We’ve all become well versed in discussing the dominance of the voucher channel. Fuelled in part by an unpredictable economic climate with consumers becoming increasingly savvy in their shopping habits, such publishers have moved from being something of a ‘best kept secret’ to a fundamental part of the consumer journey.
With this change however the market has become more competitive; with more and more publishers competing in the same space, the demand for exclusive and bespoke codes is ever increasing.
Historically, this has led to a loss of control over voucher code distribution which, with its implications for publishers and advertisers alike, was in part what led to increased use of branded or ‘vanity codes’, as well as the development of the Internet Advertising Bureau’s (IAB), Voucher Code – Code of Conduct.
Stipulating that publishers should only promote codes they have been given by the network or advertiser themselves, the code of conduct has a number of benefits. For publishers, it protects the work they do to secure exclusive codes, while for advertisers it helps them to ensure that their brand image is protected and that only valid codes are promoted. A publisher promoting an expired or invalid code ultimately leads to a poor user experience and does nothing for brand image.
However, both the Voucher Code – Code of Conduct and vanity codes only work if the publisher is in control of their content. When it comes to user generated content (UGC), we start to move into a grey area where there is somewhat more contention.
User Generated Content (UGC)
An increasing number of publishers are using UGC to engender user trust and to boost SEO rankings and this is of course part of their success in the performance channel.
Once you start allowing users to post their own content however, it can become very difficult to prevent them from posting codes they’ve found elsewhere, including other publishers’ exclusives and vanity codes. While many publishers do actively monitor their forums to remove content of this kind, there are others who are less proactive about doing so.
So whose responsibility is it to monitor this? The whole point of UGC is that consumers are permitted an active role. Are the publishers running these forums truly champions of consumer rights, simply helping users to get the best deal? Or is anyone wishing to earn money as a publisher morally obligated to work within the industry guidelines to which their competitors adhere?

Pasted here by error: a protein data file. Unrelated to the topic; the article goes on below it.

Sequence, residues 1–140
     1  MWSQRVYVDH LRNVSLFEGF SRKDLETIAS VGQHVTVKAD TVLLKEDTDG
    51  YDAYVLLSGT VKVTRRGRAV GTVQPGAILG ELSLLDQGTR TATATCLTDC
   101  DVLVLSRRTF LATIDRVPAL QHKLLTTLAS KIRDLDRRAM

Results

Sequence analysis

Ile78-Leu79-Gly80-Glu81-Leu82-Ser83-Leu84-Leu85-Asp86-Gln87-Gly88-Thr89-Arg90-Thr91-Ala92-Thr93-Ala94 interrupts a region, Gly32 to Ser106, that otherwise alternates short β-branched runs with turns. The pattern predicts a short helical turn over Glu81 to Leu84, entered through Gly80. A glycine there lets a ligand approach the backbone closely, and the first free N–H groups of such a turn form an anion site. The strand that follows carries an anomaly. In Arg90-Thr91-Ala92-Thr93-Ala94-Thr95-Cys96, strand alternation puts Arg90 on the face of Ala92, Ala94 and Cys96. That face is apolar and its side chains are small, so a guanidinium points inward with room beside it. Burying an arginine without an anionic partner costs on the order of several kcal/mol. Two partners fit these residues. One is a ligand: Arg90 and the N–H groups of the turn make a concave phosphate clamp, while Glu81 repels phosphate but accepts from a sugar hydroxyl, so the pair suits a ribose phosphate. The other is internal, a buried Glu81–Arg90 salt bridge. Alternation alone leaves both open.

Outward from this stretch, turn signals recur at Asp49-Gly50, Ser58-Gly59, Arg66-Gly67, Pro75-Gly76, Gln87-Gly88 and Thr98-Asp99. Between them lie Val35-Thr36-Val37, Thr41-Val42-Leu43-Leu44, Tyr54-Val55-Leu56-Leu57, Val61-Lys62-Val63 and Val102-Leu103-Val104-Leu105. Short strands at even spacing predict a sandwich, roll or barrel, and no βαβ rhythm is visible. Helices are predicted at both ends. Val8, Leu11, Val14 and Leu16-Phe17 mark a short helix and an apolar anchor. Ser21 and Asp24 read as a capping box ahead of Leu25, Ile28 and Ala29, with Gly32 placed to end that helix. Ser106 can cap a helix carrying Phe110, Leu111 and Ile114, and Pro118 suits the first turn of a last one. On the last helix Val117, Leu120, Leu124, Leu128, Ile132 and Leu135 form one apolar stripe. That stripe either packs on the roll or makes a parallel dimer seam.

The answer to all of this is ultimately technology. By employing a technology solution such as Webgains’Voucher Management Tool, any sale tracked with an exclusive code will always trigger the sale to be attributed to the publisher to whom the code was issued, irrespective of the last referrer.
This functionality has a number of benefits. Firstly an advertiser can ensure their publishers are rewarded correctly and crucially, that their users’ experience is not compromised, while publishers are offered the security of knowing that their efforts will be rewarded. What’s more, because Webgains’ Voucher Management Tool allows the sale to be tracked by code usage rather than by last referrer, it also allows codes to be promoted and tracked across the offline/online boundary; opening up opportunities for huge flexibility and innovation on the part of publishers.
It’s only by employing a technology driven solution that we can hope to eradicate this problem. Sharing of information is at the heart of online culture and won’t change. Indeed, we wouldn’t wish it to; the reach it offers to brands is the very reason they occupy that territory. The potential for a code to ‘go viral’ is, if anything, to be safeguarded and encouraged.
What we also need to safeguard however is the integrity and transparency of the channel. While it’s vital that all parties adhere to the Voucher Code – Code of Conduct, as a technology driven industry we have in our power the capability to address this issue at the source and to open up opportunities for innovation in the process.